We went to Tanhouse Farm; they have donkeys. Food and drink was served from a small cabin, and a barn had been converted to provide very spacious seating.

Phil arrived at the Tatsfield bus stop to meet Matt and I on Sunday. He spoilt us again; revealing homemade French fancies. Not made by him, I must add. His daughter had been inspired by Bake Off. Very tasty they were.

French fancies at tatsfield bus stop

Sunday, 11 October 2020

Where have all the people gone?

Where have all the people gone
My photography is going in a new direction.

I feel I am moving away from portraits and people photography in general. This year I did a family commission, a studio shoot in March, and one in August.  

A project with Janice and Saskia is moving along, and a plan for a shoot with Eddy motorcycle consultants is in its early stages.

I have focused instead on the photography for my posts. I think of an idea; type away at it during the week and the challenge is to produce an interesting picture to head the page. And maybe some from the rides I have done, this is getting more difficult. A limited number of locations and routes is testing my creativity. A positive spin would be that it's also pushing me to ride to new places, and think differently.

I might investigate the genre of architectural street: gritty black and white, light and dark, shapes.

I find it hard to translate the vision I have to the camera. It will come with practice.

A colleague at work - Xavier - is also an avid photographer; we are now challenging each other to become more creative. I set the first subject, the title of this post. His reply was colour contrast. I haven't found the target for my camera yet.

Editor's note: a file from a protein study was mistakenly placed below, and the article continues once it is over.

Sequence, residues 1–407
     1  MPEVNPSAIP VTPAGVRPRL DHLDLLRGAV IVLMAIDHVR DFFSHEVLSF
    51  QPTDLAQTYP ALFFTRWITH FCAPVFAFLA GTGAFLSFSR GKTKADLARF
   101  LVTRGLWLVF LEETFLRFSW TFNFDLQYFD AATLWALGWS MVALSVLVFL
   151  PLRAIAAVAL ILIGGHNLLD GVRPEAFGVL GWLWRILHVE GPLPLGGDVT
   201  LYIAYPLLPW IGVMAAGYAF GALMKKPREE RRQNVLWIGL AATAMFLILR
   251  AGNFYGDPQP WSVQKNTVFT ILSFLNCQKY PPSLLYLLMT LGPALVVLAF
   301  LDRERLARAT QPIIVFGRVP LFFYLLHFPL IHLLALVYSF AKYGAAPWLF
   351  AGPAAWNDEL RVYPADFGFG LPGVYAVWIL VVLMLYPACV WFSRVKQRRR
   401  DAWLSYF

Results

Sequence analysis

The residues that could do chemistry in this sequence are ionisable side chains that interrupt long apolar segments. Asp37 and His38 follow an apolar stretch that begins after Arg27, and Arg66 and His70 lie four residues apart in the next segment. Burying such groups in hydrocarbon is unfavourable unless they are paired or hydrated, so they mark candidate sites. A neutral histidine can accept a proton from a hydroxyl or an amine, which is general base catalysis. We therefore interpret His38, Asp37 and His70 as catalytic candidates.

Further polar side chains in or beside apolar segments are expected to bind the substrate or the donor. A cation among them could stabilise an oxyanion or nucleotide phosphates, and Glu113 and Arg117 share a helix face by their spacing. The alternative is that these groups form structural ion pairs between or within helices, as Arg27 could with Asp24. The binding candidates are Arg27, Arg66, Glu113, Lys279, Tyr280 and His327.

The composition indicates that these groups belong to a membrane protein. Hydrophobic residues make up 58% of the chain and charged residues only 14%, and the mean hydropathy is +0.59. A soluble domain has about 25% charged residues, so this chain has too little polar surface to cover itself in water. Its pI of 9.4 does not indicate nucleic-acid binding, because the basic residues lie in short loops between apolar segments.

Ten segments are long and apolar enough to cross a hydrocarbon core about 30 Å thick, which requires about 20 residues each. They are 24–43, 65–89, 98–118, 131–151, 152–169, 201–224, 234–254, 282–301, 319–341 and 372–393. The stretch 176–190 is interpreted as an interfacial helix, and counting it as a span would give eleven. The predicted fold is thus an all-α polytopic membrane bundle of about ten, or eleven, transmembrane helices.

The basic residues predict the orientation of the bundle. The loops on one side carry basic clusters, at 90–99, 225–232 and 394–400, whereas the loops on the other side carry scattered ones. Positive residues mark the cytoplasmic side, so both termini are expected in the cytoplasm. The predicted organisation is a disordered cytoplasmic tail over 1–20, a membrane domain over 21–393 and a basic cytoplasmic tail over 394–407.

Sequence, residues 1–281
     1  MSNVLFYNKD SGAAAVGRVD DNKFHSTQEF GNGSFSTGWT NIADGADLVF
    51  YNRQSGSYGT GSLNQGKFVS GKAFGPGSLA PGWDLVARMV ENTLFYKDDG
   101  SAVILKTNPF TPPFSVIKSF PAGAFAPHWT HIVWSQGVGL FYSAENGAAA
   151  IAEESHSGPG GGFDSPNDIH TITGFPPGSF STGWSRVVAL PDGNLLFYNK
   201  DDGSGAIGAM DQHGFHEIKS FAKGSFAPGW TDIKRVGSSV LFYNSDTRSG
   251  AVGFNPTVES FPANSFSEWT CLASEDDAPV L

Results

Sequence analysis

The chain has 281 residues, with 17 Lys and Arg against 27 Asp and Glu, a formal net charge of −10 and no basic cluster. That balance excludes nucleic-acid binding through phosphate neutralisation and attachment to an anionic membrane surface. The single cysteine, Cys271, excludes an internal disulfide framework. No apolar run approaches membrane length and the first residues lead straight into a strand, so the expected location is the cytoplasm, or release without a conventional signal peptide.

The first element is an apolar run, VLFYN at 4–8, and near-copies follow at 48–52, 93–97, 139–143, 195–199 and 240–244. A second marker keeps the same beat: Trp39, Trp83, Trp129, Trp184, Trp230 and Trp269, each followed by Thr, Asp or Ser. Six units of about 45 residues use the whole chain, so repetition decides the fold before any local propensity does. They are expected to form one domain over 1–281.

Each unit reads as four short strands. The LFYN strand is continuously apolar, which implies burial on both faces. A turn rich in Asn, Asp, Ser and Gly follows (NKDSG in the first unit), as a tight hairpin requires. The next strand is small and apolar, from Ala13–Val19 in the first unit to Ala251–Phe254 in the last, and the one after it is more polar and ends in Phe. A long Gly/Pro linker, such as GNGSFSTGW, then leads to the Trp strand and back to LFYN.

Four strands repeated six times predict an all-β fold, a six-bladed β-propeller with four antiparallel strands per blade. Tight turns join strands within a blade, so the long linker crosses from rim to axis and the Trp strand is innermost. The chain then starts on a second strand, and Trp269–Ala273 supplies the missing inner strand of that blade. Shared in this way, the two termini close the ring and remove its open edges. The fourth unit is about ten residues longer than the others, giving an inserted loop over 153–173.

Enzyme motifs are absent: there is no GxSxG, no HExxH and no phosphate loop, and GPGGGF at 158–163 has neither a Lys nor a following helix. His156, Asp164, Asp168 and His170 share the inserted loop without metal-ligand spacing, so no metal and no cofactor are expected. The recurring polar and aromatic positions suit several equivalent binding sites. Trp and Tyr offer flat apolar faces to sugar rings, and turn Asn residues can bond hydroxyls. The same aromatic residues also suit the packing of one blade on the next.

Would my readers like to suggest a topic?

Sunday, 4 October 2020

Gone cycling

Gone cycling

I watched the last episode of Gone Fishing with Bob Mortimer and Paul Whitehouse last week, and I thought of Matt and I sat at various bus stops, churchyards and cafes. Drinking tea is our angling.

We don't really care what people think of us, or if they understand the simple pleasure of meeting every week. 

Sometimes we talk serious subjects, almost nothing, stupid topics, or laugh with and at each other.

We have differing views on somethings, agree on others, change our minds or just agree to disagree.

I hope we never take the meetings for granted. 

I must admit it took a little time to readjust after they started again, I was use to solo bike rides. Stopping and talking was unusual.

At first I couldn't settle down, I don't know why but I was eager to get on the bike again. I think maybe because I always had in my mind needing to get back for Marcia. The carers are visiting again, so I can slow down.

I'm not sure if we'll go back to meeting at the green and cycling together to our tea drinking location, or if it will be solo rides to the designated place. Either seems to work, and doesn't feel odd.

Doing our own thing feels okay, Saturday we ride alone most of the time, coming together on Sunday. 

Lining up group rides give me extra to look forward to, life is still fairly solitary. 

Two bad days this week.

dormant farming
Phone got wet and died during this ride.

into the woods 
Fell off bike after this pic was taken, causing a stiff hip
coffee at the velo barn
A cafe and a bike shop.

Avoided the worst of the rain on Saturday, for a coffee and slice of cake at the Velo Barn near Westerham.

The storm stepped up a level on Sunday, Matt and I decided to ride routes local to our houses rather than meet as arranged. I did just over ten miles of the circuit I do after work. My hands were freezing, hopefully the gloves I have on order will be the last piece of the puzzle needed to make winter riding comfortable